cover image Sacred Acts: How Churches Are Working to Protect Earth’s Climate

Sacred Acts: How Churches Are Working to Protect Earth’s Climate

Edited by Mallory McDuff. New Society (, $17.95 trade paper (288p) ISBN 978-0-86571-700-8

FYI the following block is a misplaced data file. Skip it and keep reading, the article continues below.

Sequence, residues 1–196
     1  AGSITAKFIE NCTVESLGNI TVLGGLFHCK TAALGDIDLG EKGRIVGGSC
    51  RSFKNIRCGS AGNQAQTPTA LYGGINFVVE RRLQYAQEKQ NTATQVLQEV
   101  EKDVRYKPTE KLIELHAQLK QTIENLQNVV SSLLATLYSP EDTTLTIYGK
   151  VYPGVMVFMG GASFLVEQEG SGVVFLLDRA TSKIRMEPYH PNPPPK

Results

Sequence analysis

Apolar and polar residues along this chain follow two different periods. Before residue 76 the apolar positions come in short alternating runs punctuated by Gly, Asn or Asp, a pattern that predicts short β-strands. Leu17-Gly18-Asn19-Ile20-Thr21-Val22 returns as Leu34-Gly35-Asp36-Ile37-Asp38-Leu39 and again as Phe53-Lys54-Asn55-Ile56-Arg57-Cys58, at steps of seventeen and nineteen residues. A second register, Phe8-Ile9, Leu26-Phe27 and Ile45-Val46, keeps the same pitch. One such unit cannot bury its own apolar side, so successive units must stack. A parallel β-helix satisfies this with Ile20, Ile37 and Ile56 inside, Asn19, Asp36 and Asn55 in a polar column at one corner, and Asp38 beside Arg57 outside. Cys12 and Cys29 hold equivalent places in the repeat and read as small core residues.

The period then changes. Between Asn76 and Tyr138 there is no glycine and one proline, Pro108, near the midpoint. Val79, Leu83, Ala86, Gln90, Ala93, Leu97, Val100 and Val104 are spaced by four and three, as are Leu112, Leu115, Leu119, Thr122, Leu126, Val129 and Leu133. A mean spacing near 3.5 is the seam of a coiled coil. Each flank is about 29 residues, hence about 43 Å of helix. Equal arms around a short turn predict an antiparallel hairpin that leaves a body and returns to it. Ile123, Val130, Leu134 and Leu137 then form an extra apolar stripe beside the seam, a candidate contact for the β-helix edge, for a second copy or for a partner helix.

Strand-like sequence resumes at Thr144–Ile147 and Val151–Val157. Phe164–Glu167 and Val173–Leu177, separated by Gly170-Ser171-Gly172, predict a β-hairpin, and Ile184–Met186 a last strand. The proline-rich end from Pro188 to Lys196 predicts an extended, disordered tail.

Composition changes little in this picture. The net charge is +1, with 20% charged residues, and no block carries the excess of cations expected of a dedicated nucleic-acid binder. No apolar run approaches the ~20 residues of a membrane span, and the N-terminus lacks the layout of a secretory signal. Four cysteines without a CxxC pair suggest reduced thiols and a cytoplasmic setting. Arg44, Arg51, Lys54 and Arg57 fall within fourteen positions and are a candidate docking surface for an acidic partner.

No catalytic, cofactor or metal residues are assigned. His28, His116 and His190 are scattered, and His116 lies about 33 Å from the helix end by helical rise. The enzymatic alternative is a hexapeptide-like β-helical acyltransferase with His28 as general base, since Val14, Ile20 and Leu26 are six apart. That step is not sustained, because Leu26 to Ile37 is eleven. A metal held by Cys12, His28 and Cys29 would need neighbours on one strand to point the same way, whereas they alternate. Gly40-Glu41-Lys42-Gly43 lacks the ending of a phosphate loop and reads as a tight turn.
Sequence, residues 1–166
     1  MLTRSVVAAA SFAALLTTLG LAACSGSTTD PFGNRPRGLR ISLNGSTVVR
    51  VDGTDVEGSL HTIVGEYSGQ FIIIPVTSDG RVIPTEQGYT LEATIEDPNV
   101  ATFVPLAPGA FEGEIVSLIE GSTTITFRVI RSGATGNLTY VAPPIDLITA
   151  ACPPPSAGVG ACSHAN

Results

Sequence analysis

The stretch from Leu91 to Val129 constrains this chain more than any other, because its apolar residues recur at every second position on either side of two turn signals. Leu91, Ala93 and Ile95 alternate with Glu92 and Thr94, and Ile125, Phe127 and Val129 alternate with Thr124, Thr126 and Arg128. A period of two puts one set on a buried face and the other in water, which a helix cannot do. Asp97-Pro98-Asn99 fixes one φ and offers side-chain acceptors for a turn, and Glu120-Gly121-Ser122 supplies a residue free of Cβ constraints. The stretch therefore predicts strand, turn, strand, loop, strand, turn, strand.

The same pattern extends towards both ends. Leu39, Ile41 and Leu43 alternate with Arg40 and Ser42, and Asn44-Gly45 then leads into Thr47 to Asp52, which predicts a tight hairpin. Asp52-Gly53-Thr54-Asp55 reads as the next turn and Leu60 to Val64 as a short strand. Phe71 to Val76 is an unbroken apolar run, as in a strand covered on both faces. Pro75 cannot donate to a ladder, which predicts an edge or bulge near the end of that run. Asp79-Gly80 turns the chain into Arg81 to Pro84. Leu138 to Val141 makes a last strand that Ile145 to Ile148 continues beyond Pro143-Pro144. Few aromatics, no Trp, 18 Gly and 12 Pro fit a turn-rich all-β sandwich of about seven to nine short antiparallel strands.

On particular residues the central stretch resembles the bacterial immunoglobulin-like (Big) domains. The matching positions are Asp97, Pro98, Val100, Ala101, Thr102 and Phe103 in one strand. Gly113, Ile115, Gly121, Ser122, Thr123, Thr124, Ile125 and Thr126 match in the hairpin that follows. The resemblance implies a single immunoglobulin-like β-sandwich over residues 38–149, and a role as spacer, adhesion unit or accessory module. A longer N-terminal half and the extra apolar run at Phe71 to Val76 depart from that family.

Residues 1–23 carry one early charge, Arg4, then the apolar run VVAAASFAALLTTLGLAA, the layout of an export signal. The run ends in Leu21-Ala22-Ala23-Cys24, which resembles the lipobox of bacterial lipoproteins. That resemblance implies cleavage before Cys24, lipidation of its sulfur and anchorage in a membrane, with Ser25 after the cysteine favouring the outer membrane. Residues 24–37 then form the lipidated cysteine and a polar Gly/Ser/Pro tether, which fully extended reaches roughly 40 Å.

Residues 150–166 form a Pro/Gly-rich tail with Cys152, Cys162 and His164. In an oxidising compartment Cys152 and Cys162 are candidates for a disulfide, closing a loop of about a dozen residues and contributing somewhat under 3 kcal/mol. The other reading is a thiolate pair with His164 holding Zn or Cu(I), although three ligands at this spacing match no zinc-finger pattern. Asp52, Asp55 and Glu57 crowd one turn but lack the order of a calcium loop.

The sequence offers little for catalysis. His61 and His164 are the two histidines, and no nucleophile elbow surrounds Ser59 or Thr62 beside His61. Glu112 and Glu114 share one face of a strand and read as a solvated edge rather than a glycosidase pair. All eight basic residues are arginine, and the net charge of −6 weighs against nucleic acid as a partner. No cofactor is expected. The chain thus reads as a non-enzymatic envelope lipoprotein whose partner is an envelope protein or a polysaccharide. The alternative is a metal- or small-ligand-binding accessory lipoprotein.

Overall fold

For the past two decades, political and religious debate over the impact of climate change has produced calls to action from religious groups that believe that good stewardship of God’s creation is a vital part of a life of faith. In this useful and engaging collection, McDuff (Natural Saints) gathers 12 essays that explore four strategies for religious action to address climate change: stewardship, spirituality, advocacy, and justice. For example, Arkansas farmer Ragan Sutterfield highlights the work of churches that engage in the coproduction of food through gardening, canning, raising and butchering livestock, and cooking meals for the community. Episcopal Canon Sally Bingham points to the Jewish Reconstructionist Congregation in Evanston, Ill., as an example of a religious community that intentionally designed its building to adhere to the Jewish principle “do not destroy or waste,” becoming the first religious congregation in the world to receive platinum—the highest level—certification by the U.S. Green Building Council. McDuff’s collection represents a passionate act of communion in a prophetic movement that seeks to address climate change through love and justice. (Apr.)